Low-cost color-coded sensor out of the U.K. could let doctors in developing countries detect the presence of viruses including HIV at a glance.
A special lens designed by a group of researchers at the University of California at Berkeley can turn a regular camera phone into a powerful microscope camera capable of taking photo of bacteria in florescent light.
The gadget turns a regular mobile phone into a microscope for places where scientific instruments run in short supply.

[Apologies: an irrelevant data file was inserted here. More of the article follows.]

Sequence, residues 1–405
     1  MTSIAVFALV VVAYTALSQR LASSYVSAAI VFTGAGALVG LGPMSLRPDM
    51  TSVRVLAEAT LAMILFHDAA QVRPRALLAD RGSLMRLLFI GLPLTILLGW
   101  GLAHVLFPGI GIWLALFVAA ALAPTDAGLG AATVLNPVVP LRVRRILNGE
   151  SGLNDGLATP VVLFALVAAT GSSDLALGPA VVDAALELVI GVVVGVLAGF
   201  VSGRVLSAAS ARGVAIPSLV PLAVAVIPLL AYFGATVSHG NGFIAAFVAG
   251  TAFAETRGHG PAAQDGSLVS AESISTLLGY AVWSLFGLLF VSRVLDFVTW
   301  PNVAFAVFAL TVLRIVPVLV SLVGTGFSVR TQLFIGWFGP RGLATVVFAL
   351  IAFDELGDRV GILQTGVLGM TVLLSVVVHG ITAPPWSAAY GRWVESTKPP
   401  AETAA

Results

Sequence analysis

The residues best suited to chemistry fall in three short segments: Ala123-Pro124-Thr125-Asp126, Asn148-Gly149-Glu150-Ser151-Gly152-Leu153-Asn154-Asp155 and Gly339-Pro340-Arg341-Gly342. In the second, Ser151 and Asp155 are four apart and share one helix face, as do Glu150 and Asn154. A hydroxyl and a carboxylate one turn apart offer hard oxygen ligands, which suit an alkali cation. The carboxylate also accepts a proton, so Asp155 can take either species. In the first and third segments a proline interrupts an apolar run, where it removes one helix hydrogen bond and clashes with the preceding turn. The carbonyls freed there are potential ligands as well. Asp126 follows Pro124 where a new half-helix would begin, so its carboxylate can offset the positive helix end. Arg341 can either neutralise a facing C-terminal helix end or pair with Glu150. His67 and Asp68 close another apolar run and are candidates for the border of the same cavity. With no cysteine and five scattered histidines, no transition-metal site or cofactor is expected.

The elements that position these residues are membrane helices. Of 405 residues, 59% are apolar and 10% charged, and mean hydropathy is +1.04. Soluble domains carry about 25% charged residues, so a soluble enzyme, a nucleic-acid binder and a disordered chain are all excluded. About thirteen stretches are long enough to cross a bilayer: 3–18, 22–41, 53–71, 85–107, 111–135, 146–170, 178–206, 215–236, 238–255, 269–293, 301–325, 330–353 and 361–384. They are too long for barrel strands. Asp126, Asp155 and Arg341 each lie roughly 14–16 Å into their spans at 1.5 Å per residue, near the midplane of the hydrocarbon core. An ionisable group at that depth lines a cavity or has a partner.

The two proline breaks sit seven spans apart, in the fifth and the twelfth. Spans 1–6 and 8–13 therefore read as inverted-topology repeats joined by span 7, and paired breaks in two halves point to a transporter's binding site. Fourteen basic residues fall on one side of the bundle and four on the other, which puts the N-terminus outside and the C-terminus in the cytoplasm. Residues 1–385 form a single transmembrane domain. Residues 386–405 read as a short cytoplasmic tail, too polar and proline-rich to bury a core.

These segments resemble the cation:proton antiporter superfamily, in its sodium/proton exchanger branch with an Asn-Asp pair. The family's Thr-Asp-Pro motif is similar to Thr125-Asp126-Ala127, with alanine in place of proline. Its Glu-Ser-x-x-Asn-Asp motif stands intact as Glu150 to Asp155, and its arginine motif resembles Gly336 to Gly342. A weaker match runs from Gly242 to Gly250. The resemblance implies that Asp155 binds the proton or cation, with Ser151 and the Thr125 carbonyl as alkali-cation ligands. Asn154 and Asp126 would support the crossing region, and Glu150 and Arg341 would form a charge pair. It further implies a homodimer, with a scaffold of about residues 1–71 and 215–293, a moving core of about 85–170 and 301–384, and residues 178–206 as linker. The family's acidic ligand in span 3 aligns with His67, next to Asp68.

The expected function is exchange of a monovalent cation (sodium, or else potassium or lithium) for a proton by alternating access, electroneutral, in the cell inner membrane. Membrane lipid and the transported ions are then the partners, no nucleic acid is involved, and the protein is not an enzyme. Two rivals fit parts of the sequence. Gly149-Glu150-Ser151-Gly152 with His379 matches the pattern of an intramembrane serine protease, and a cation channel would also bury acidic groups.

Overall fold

The CellScope could make a huge difference to treatment of the sick in the developing world -- and it all starts with the humble mobile phone
An engineer at UCLA combines cell phones and $10 worth of hardware with software he developed to create next-gen microscopes that are affordable and portable.
The CellScope might revolutionize the speed and ease with which we diagnose and screen for malaria, tuberculosis, and more.
CellScope, a microscope camera made by pairing a cell phone and a special lens, is now powerful enough to capture images of bacteria labeled with fluorescent markers.